When that small vegan store opened for business in March of 2018, I felt the centre of gravity of the community shift slightly. The results were real, observable even within my own family.
We were not vegan then; we still aren’t today. We’re not even committed vegetarians.
But we were all drawn to the idea of veganism, as individuals and collectively, as a family. In our discussions about food, we all agreed that we were not comfortable with factory farmed food in general; meat products were especially distasteful. Please understand that I’m not particularly squeamish about food. I’m a country boy who grew up seeing my father kill and clean a yard fowl for our dinner, or gut and clean some fresh-caught fish for the frying pan. I’ve done those things myself, in my turn, during those young years of my life.
These are different times. I live in a city now and there’s no room for yard fowl, no easy access to fresh-caught fish from an unpolluted ocean or river. There’s no farmer next door, no cows and goats in the backyard field. We keep a kitchen garden and a small compost heap in our tiny backyard where the plants struggle to find sufficient sunlight to grow strong and bear fruit. But it’s an important gesture and we make it, every year.
So when the vegan food store opened on Oliver, we felt like a small sun had come down in our midst.
You must understand that to an objective observer, all this would be invisible. We were feeling all these things but the only thing we would ever buy from the store was non-dairy ice-cream, pretty much. (I must say – you have to try it. Just the best.) But there was change happening inside the family, catalyzed by the presence of the The Vegan Grocery Store on Oliver Street in North Tonawanda.
Slowly, as if in response to the shift in the centre of gravity of the neighborhood, meat products slowly disappeared from the weekly grocery list; it’s still an ongoing process and I have no idea where it’s going to end up.
What I can say is that we’re educating ourselves about the situation of the planet and we’re trying to figure out what we can do to effect a remedy. A plant based diet is probably best for us and for the planet but old ways are hard to change. It’s complicated.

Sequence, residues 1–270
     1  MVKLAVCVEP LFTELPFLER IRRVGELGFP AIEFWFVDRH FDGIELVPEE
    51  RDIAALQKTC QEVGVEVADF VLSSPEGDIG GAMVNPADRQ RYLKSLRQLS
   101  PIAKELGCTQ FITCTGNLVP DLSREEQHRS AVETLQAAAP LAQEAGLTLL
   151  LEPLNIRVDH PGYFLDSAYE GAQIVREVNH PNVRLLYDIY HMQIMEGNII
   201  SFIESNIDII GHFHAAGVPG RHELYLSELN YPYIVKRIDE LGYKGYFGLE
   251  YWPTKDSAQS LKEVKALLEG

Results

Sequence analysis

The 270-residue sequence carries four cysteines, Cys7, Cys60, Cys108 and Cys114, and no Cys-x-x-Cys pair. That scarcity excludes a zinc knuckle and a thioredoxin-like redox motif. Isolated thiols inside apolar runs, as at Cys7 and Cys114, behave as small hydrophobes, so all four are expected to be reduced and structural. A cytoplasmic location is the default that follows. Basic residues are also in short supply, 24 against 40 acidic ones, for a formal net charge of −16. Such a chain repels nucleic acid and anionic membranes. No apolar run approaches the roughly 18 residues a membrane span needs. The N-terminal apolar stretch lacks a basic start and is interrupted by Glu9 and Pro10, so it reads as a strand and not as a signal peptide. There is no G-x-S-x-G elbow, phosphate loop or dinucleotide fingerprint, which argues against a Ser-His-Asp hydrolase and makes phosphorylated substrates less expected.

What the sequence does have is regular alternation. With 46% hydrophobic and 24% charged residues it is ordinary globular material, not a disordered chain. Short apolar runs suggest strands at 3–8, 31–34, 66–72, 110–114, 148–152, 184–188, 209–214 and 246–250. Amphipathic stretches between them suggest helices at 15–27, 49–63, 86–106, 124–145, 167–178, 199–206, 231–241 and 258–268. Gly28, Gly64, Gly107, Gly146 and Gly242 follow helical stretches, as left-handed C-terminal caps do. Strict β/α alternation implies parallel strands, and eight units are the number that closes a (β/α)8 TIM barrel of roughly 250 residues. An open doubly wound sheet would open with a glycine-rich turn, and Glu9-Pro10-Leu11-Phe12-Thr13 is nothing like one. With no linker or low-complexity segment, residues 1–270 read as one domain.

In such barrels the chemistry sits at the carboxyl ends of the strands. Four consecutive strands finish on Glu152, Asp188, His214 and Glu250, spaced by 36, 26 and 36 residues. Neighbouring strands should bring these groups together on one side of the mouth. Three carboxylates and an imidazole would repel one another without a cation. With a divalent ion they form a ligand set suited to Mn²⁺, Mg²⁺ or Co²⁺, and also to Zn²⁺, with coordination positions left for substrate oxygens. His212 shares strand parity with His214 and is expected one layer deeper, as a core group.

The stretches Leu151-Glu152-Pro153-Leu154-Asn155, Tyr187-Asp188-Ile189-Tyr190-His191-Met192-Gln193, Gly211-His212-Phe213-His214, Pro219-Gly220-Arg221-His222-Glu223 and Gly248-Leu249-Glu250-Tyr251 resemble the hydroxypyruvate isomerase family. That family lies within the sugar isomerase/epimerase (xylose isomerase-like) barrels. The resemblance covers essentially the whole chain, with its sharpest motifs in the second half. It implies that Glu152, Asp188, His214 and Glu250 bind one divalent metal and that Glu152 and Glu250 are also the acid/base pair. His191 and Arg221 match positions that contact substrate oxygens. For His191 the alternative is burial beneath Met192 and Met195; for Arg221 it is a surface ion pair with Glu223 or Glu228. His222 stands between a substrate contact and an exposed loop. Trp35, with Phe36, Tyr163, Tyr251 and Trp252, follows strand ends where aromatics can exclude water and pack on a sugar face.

And although I’m still not vegan, I’m really, really happy that The Vegan Grocery Store is still open on Oliver Street in North Tonawanda.
Go get some of that non-dairy ice cream. You’ll love it.
Believe nothing. Many years ago a fine teacher and friend handed me that piece of advice and I thought it then a perfectly good idea. I still do and it has served me well, bringing me to my present state of mind and understanding of the world around me. It’s really about people, mostly.
My world is produced by the way I interact with the people around me. Your world is produced by the way you interact with the people around you. Our world is produced by the way we interact with the people around us. Of this we can be sure – everything else is open to inquiry. The physics of the quantum Universe establishes that clearly. The material world is a Grand Uncertainty.
This is difficult for most, impossible for some, to accept. The world is shouting, screaming at us, memento mori, fool, but we pretend not to hear. We require certainty, security in our whatever it is that we think we have, and will have, for all eternity.
Love me forever, we say to our wives and husbands, for our love will never die.